The news that MTV was adapting Terry Brooks’ The Elfstones of Shannara into a television series was par for the course for one of the most successful fantasy series in history, currently comprised of close to 30 novels.
The original trilogy (The Sword of Shannara, The Elfstones of Shannara, and The Wishsong of Shannara) are considered one of the first examples of the “second wave” of high fantasy literature that succeeded Tolkien, and the brisk sales of the first book are often credited with establishing fantasy as a marketable publishing category. Put simply, the genre landscape would look very different without Terry Brooks.
With the TV series premiering in January, it seems like a great time to remind both those who have read the books and those who will that their success is no accident: Shannara is one of the most detailed and surprising fantasy universes ever created. Here are five aspects of the Four Lands that will blow your mind—and get you reading (or rereading) the series.
Note: significant spoilers follow.
It’s actually science fiction
Well…not really, but unlike most fantasies, which are set in a completely separate universe or in some distant past, the original Shannara trilogy is set in our far future, after a nuclear apocalypse. The magic-wielding Druids began as an organization seeking to unearth the ancient lost knowledge of science; instead discovered the even older lost knowledge of magic. Amid elves and spells and demons, the characters often encounter creatures that are clearly ancient robots or cyborgs.
The hidden prequels
Brooks slowly and subtly spins out the true nature of his universe in the original trilogy, but goes even deeper in the Word & Void series, the story of two Knights of the Word battling demons invading modern-day Earth, published nearly 20 years later. It wasn’t until a decade after that, when Brooks published Armageddon’s Children, that it became clear the Word & Void stories are hidden prequels, telling a story so distant in Shannara’s past, the connective tissue to the original trilogy is almost invisible.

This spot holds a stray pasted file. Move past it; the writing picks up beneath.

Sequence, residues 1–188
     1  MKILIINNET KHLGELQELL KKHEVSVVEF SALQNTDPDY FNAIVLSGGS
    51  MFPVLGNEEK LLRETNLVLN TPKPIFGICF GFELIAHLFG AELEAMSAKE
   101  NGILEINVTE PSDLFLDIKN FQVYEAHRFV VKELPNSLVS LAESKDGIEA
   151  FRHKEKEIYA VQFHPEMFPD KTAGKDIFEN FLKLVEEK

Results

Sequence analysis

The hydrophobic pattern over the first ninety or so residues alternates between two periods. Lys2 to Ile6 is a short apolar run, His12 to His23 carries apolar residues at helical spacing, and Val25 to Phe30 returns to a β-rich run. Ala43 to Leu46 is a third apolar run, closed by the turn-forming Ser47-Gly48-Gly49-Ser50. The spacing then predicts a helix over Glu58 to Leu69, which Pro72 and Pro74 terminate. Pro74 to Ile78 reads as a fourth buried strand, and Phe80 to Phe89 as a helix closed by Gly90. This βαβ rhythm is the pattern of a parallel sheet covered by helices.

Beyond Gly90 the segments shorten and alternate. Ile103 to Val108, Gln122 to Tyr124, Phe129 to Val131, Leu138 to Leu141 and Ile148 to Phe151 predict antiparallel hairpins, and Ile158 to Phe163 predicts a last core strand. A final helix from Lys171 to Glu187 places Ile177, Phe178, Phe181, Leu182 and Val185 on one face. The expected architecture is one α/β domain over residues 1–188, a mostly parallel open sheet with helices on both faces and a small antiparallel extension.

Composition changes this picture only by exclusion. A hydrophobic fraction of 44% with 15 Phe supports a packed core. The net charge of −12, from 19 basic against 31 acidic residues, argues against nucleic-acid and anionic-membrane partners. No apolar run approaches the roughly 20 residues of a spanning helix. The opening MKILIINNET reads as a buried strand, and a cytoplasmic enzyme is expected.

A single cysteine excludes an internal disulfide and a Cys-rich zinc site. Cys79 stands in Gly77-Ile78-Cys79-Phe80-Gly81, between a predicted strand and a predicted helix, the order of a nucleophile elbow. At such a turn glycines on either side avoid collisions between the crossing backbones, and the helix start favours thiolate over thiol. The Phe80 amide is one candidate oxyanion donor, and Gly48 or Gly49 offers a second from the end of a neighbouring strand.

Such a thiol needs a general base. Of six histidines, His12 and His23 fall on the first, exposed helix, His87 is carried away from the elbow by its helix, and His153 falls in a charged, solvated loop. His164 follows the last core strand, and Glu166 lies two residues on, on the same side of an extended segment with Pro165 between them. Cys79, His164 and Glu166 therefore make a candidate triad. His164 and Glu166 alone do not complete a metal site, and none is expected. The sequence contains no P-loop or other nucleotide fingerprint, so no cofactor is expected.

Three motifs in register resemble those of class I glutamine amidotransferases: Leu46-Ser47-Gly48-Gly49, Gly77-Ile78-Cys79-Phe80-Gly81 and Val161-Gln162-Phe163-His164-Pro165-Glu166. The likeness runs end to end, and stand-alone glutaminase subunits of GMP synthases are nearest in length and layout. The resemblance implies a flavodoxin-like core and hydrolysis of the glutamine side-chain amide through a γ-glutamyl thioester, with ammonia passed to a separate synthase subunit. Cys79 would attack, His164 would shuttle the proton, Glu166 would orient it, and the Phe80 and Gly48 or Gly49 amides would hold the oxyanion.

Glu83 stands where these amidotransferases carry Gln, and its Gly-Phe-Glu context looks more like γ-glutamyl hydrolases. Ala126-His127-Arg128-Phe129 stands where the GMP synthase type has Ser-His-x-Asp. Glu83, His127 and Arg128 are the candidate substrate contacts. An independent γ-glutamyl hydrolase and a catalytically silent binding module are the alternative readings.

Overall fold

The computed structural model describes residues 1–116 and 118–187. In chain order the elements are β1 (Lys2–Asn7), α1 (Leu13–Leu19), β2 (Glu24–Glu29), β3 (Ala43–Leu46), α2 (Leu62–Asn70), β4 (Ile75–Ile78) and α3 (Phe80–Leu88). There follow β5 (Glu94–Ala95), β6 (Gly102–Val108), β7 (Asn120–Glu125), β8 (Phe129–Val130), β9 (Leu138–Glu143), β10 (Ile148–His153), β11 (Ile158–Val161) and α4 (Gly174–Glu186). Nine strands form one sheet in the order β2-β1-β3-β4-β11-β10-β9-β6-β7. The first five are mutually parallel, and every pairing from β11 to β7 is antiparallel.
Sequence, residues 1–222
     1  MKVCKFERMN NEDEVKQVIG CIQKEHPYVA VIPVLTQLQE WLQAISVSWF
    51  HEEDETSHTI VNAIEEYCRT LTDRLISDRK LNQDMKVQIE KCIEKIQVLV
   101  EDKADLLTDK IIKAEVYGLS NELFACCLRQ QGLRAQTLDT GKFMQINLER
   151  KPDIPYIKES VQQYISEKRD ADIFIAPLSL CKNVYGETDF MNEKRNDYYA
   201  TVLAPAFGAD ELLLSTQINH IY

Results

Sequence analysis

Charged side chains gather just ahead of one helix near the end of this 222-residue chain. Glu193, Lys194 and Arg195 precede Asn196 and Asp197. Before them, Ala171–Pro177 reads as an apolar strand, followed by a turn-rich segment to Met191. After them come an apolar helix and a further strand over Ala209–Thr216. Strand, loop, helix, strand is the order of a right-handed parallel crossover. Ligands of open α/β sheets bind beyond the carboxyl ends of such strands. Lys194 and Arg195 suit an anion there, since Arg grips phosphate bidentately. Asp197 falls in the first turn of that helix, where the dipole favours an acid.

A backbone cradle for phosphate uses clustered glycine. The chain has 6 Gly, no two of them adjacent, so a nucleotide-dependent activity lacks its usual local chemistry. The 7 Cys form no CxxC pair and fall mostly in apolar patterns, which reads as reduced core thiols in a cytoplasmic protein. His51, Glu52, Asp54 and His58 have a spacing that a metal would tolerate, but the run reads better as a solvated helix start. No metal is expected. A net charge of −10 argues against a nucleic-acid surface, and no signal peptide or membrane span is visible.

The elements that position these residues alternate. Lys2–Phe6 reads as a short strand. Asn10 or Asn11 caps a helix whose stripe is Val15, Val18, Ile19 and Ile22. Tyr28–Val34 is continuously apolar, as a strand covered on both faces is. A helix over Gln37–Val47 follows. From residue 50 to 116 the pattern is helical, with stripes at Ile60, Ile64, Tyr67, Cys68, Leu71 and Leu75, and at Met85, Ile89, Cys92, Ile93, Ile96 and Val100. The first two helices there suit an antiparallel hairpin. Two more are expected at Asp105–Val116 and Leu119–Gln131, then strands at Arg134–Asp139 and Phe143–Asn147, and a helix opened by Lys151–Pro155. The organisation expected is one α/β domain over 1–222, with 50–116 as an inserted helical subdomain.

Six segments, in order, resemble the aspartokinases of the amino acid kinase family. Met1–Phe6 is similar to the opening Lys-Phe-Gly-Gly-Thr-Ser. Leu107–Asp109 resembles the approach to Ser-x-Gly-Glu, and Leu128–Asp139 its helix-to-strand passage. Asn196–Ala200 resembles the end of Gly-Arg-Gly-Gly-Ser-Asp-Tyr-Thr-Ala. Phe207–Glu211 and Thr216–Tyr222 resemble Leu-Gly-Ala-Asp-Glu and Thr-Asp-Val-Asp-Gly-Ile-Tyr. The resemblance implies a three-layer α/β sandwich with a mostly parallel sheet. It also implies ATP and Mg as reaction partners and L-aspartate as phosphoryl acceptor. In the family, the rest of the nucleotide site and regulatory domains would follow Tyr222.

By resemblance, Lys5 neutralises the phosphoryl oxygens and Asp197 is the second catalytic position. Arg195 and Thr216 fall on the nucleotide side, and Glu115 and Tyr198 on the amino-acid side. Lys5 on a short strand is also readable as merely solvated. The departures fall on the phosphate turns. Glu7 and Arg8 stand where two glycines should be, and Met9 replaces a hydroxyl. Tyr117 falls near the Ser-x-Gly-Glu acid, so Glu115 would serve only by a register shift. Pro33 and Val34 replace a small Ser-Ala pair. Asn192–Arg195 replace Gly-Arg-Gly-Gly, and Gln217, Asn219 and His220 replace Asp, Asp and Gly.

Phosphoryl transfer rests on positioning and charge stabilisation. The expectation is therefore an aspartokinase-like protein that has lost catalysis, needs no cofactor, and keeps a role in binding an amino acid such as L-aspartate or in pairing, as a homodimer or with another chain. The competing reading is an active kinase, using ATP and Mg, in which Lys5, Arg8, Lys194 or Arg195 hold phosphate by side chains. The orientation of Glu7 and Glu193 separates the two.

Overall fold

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Failure & truth
Knowledge is a constant theme in the Shannara universe. In the original trilogy, the main character and the reader are led to believe the legendary Sword of Shannara’s tremendous magical power is what enabled the ancient Elf King Jerle Shannara to defeat the Warlock Lord—and that his heir Shea must do the same.
In one of the best twists in all of fantasy (we said there were spoilers!), everything goes sideways as Shea discovers the sword’s only power is to force you to see the truth about yourself, and that Jerle Shannara actually failed to defeat the Warlock Lord because he couldn’t accept the truth—and he uses the sword to force the Warlock Lord to see his own truth—that he is not truly immortal, and only continued to exist because he’d believed so strongly otherwise. Minds: blown.
All shall pass
One of the most startling aspects of Brooks’ storytelling is the fact that any character—any character—can die. In most high fantasy stories (heck, in most stories in general) the most powerful good guys can be counted on to survive. Gandalf only seems to die in The Lord of the Rings, returning as an even more powerful entity.
But in The Wishsong of Shannara, Allanon, the wise guide and powerful Druid, is killed—and remains dead to this day (though to be fair, his shade does return several times to impart wisdom and set events in motion). This aspect of Brooks’ universe is a feature, not a bug; when death is shown to be a minor inconvenience, the stakes are essentially reduced to zero and the tension goes out of a story. Not in the Shannara-verse.
In a lot of fantasy settings, magic is presented as having a predictable and almost scientific structure—if you know the precise wording of a spell, or have read the instruction manual for an artifact, you can wield that magic consistently and safely, with the clear implication that evil and “dark” magic stems from the ambitions and personality of the wielder, not from magic itself.
In the Shannara universe, magic is unpredictable, corrupting, and often very dangerous. Even the most powerful practitioners are very careful about using it, and Brooks’ attitude towards magical powers gets very dark as the series progresses.
What’s your favorite aspect of the Shannara universe?